It’s hard not to notice that MSU isn’t the most diverse campus in America, but the administration has been working to fix that. Notable examples from just the past few weeks include breaking ground on the new Native American Hall and hosting the 44th Annual American Indian Powoww. Following this momentum, on Wednesday, March 27, MSU held the second annual Diversity Symposium in the SUB ballrooms.
The symposium was an all-day event that provided a platform for research, original ideas, art and everything in between. It was intended to create a time and space to share ideas and promote all the wonderful knowledge and research found at MSU and in the greater Bozeman community. The demonstrations included presentations, dances and various panel sessions. Attendees were able to pick up coffee and snacks, then attend one of the many presentations that took place throughout the day. A single hour provided three different topics on minority groups at MSU, as well as a people’s choice art show, where students were encouraged to submit artwork related to diversity.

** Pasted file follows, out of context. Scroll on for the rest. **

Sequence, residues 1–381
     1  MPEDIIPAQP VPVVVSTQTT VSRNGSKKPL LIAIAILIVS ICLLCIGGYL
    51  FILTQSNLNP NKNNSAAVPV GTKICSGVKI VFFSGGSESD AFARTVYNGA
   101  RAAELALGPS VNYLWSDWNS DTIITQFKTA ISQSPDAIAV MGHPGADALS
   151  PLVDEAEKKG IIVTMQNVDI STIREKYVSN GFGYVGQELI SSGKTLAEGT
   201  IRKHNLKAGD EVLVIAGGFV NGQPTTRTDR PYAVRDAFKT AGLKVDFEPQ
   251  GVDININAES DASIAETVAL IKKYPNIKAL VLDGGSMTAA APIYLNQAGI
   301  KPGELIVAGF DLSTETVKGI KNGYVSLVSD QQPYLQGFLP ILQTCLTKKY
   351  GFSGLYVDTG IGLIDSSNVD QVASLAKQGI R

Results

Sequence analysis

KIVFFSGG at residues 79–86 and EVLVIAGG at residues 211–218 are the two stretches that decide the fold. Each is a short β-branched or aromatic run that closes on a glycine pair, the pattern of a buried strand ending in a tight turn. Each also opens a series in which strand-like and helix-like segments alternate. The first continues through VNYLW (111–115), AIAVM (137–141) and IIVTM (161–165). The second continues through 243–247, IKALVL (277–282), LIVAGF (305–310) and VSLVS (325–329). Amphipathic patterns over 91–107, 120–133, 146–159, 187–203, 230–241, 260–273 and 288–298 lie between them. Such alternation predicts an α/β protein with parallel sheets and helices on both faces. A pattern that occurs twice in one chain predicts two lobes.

The first presentation group was the Fuerza Latinx Club at MSU. Latinx is one gender-neutral term used to describe people with Latin American heritage, culture or racial identity. There was a panel made up of club members who identified as Latinx and were looking for a family away from home. During the presentation, the club made it clear that they wanted to celebrate Latin culture with everyone, no matter what culture they themselves identify with. The presentation went on to explain some of the hardships of being Latinx on a campus where such students are in the profound minority.
The second group was called “Privilege of Mediocrity” and was presented by the Asian Pacific Islander students on campus. The presentation discussed how and why Asian Pacific Islanders immigrated to America and, more specifically, to Butte for the mining business. The students went into some of the hardships faced by minorities in Montana and challenges that their ancestors had to overcome when they first came to America.
While at times MSU is not the most diverse campus, the Diversity Symposium showed students and faculty that it is a far more varied place than you might think.